While the Supreme Court made the right call in refusing to find that this error required automatic reversal, on remand the Eleventh Circuit must recognize the massive influence that a judge’s words could have on a defendant who is deciding whether to go to trial or take a plea, and weigh that heavily in an analysis of the surrounding circumstances leading to the plea.
When is a committee not a committee? When it is a subcommittee.
More than just a punchline, this is one of the key facts that led a U.S. district judge recently to dismiss charges against an employee of British Petroleum arising from his statements made in response to inquiries from a Congressional subcommittee regarding the BP Horizon oil spill in the Gulf of Mexico.
In United States v. David Rainey, the defendant was charged inter alia with a violation of Title 18, United States Code section 1505, which criminalizes the obstruction of “the due and proper exercise of the power of inquiry under which any inquiry or investigation is being had by either House, or any committee of either House or any joint committee of the Congress.” The charges against Rainey were based upon allegedly false statements that he made to the House Subcommittee on Energy and Environment of the Committee on Energy and Commerce. One basis on which the defendant sought to dismiss the charge against him was the argument that the statute does not include the term “subcommittee” and therefore did not apply to his conduct.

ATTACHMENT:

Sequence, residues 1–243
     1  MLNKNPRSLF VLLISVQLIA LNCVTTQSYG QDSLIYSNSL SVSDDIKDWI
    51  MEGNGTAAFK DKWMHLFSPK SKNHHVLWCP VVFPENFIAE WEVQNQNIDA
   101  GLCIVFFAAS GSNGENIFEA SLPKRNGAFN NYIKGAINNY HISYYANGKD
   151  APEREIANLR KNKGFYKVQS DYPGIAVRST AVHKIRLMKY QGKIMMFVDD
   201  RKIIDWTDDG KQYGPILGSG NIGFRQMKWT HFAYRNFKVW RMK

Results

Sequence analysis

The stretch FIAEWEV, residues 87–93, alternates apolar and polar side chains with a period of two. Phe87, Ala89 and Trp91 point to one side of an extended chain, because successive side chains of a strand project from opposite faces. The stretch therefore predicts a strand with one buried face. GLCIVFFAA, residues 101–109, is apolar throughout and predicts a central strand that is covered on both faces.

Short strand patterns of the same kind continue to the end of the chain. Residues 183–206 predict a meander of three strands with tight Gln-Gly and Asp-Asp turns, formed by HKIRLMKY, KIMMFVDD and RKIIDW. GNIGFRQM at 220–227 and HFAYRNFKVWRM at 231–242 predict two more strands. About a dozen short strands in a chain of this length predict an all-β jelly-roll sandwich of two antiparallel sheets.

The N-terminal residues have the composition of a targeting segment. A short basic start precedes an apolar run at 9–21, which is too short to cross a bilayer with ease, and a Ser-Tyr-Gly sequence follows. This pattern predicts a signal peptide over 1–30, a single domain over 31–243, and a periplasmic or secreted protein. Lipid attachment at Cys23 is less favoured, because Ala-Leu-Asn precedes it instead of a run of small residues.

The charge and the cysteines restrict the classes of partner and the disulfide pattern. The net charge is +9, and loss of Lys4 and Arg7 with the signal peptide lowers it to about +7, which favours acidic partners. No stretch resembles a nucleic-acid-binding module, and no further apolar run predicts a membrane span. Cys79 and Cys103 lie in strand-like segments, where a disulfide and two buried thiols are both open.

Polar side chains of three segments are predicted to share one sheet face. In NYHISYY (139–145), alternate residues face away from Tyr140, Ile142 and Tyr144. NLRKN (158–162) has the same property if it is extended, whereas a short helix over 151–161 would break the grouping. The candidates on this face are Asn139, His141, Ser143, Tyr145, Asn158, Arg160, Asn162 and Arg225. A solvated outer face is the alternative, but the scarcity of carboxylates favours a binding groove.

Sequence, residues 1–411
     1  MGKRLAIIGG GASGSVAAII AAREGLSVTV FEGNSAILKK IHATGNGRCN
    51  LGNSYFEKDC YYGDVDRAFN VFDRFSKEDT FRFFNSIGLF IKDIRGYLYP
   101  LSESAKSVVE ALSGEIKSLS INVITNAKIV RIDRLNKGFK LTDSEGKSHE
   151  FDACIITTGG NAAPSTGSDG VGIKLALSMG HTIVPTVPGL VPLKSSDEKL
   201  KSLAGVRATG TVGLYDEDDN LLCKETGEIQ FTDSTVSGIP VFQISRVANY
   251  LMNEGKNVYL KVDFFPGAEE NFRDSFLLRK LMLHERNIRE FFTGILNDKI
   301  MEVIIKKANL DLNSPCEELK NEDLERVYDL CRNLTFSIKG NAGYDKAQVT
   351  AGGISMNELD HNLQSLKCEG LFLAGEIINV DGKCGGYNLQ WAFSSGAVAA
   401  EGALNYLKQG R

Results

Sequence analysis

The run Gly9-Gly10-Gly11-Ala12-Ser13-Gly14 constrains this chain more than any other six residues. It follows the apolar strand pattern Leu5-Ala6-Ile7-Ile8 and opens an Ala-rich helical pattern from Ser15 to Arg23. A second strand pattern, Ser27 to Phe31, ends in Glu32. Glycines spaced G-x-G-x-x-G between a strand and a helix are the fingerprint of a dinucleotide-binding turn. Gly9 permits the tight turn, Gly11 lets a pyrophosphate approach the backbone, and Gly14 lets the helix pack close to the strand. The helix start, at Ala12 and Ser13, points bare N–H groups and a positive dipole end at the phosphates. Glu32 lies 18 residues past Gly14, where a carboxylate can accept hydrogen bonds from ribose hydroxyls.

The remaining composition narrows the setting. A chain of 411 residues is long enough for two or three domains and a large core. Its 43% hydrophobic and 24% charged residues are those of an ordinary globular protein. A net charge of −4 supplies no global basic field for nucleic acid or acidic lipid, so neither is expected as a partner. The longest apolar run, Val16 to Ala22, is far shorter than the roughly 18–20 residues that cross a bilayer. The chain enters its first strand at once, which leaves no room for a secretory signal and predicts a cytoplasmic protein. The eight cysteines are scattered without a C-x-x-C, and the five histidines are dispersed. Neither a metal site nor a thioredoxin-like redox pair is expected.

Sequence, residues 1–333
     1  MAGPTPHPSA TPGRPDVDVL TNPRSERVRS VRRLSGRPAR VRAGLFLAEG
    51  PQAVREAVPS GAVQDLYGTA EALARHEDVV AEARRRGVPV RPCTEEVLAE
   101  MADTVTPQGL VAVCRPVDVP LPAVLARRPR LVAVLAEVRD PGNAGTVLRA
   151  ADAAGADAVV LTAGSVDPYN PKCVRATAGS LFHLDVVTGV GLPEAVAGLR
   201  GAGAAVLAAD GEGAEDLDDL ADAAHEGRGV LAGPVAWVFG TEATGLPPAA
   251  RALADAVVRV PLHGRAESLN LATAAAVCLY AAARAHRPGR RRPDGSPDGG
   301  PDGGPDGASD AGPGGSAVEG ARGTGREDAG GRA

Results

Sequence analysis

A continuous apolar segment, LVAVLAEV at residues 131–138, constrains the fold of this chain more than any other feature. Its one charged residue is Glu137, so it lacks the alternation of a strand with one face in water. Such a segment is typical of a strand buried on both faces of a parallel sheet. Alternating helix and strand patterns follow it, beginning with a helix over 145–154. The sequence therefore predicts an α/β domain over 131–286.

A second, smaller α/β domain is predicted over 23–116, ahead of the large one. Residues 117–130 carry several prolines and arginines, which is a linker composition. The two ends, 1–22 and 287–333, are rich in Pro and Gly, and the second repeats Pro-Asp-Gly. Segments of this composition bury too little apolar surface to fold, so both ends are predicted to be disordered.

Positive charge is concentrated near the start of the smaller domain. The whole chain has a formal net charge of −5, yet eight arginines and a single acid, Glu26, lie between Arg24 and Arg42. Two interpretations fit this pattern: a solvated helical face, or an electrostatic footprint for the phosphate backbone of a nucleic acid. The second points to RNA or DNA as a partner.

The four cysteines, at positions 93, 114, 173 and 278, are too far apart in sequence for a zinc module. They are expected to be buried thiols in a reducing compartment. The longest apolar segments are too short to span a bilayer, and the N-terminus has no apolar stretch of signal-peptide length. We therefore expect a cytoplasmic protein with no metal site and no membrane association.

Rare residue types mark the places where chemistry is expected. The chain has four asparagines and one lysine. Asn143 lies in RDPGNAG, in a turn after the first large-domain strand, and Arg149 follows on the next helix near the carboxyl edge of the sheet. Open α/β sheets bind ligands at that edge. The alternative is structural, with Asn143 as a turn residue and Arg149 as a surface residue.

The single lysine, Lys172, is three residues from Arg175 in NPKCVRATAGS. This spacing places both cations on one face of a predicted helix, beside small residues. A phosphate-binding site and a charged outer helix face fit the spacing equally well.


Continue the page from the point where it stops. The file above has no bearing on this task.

In granting Rainey’s motion to dismiss, U.S. District Judge Kurt D. Engelhardt of the Eastern District of Louisiana emphasized that, “where a criminal defendant’s strict reading of a criminal statute is reasonable, the court is not free to choose among reasonable interpretations the version that (in the court’s view) represents better policy or better accomplishes a perceived broad congressional purpose.” The Court noted that a generic reading of the term “committees” would include subcommittees, as the government argued, but that “[w]ithin Congress, the terms ‘committee’ and ‘subcommittee’ have distinct meanings” and are “terms of art.” Because the Court could not “say with certainty” that Congress intended section 1505 to reach subcommittee inquiries, the Court dismissed the charge under that statute relating to Rainey’s statements to the subcommittee.